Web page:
Name the city with the largest concentration of restaurants with Michelin stars per square foot in the world.
If you said San Sebastian, in Spain’s northern Basque region, you are right. So the fact that the San Sebastian International Film Festival introduced a Culinary Cinema sidebar this year to screen films featuring gastronomy and wed each one to a nightly thematic feast seems oh-so-apropos.
"San Sebastian is the Mecca of gastronomy and finally there is an intertwining of film and cuisine reflected in the city’s international film festival," said three-star chef Pedro Zubijana, one of the founders of Basque New Cuisine whose Akelarre Restaurante is a must for the most discerning diners. "Audiences here know and appreciate good food."
And intertwine they do.
On Sept. 20, Bokada’s Michelin-starred chef Mikel Santamaria weaved together David Gelb’s documentary Jiro Dreams of Sushi and Basque culinary creativity. Jiro focuses on the world’s only three-star sushi restaurant in a minute space in a Tokyo subway station. Bokada transformed the San Sebastian Aquarium into an underground dining extravaganza. Surrounded by massive overhead fish tanks, attendees wound their way through 10 different stations offering a Japanese sushi item and the creative Basque version of the same dish in a cultural, gastronomic dialogue.
"They very carefully chose elements from the film to design the menu and to use as decorations and music. There was even a mini fireworks show timed to selections from the soundtrack," Gelb said.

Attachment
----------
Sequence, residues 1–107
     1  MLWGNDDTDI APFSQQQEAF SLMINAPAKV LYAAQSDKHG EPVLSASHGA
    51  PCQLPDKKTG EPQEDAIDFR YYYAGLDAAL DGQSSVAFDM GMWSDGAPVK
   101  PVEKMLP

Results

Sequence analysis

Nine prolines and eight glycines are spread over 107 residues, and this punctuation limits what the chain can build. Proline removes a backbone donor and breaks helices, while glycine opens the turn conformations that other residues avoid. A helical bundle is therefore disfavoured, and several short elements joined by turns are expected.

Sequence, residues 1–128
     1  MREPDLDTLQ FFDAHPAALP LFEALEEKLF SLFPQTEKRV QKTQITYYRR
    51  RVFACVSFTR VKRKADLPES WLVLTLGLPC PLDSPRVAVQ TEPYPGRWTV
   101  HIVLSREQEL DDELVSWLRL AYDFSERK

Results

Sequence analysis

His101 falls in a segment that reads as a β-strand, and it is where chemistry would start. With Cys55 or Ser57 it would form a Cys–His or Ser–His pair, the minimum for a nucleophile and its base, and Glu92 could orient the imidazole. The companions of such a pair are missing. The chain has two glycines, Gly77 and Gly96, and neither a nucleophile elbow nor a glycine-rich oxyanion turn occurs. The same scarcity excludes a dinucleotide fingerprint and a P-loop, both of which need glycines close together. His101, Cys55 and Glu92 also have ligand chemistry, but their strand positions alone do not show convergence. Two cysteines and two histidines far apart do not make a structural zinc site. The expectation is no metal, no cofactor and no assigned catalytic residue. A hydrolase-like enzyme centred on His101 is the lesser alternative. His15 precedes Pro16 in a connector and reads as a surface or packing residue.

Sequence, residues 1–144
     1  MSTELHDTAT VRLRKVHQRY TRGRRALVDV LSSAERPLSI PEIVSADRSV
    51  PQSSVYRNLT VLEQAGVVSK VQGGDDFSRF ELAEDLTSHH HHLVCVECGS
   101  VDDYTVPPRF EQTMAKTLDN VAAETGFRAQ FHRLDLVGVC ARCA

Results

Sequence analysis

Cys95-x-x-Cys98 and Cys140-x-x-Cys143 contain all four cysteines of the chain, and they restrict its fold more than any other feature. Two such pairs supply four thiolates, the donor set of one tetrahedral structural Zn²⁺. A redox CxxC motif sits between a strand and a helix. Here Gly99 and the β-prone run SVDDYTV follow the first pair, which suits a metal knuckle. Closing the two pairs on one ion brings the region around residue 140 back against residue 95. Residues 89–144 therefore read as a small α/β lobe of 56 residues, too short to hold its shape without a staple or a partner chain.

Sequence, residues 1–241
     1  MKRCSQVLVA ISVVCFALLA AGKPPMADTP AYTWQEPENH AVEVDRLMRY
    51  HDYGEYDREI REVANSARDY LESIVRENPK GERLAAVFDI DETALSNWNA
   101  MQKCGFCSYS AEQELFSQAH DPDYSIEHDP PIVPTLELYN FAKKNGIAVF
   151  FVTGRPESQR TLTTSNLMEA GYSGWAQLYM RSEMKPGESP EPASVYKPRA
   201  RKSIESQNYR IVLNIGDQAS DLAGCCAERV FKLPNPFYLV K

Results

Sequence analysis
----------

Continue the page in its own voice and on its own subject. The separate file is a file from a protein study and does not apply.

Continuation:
While Berlin sports a Culinary Cinema section and Sundance has its yearly ChefDance, San Sebastian place as one of the world's undisputed culinary capitals makes for a natural fit.
"San Sebastian -- the city and the festival -- is renowned for its food," said public relation firm Premier’s Ginger Corbett, a 13-year veteran of San Sebastian who flew in to the festival a day early to take a Basque cooking class. "Even the festival director hosts a wonderful cocktail everyday during the festival so that people from the industry can meet one another while eating lovely canapes."
In fact, San Sebastian's reputation for food and fun entices stars to promote films.
"Life in San Sebastian is a selling point," said international sales outfit Wild Bunch’s Gael Nouaille. "Directors and actors love to be here. You can have a great meal in five minutes or five hours, simple or fancy. It doesn’t matter because the food, the magical setting and the pleasure of San Sebastian sell."
Four of the best places to dine in San Sebastian are:
Regularly voted one of the top 10 chefs in the world for the past two decades, Juan Mari Arzak is recognized as one of the driving forces of the New Basque Cuisine and runs the kitchen with his daughter Elena Arzak. Set tasting menu changes daily according to fresh market availability. Avda. Alcalde Elosegui, 273, San Sebastian, 011 34 943 278 465
Andoni Aduriz saw his kitchen jump to the the 3rd best in the world in Restaurant Magazine's reputed list of the best restaurants in the world in 2011. He coined the term “techno-emotional” cooking for merging science with cooking. c/Aldura Aldea, 20, Errenteria, 011 34 943 522 455 / 943 518 343
A veteran of the Basque region’s Michelin-star movement, Martin Berastegui took his brand of cooking international with an outlet in Shanghai. But he is at his finest on home turf where he can work with what he calls the “essence of flavor.” Loidi Kalea 4, 20160 Lasarte-Oria, 011 34 943 366 471
Just across the street from the luxurious Maria Cristina Hotel, the film festival's epicenter, the Oquendo is a staple for industry types for long lunches or a fast break away to enjoy pintxos—Basque tapas.Oquendo, 8, San Sebastian, 011 34 943 420 736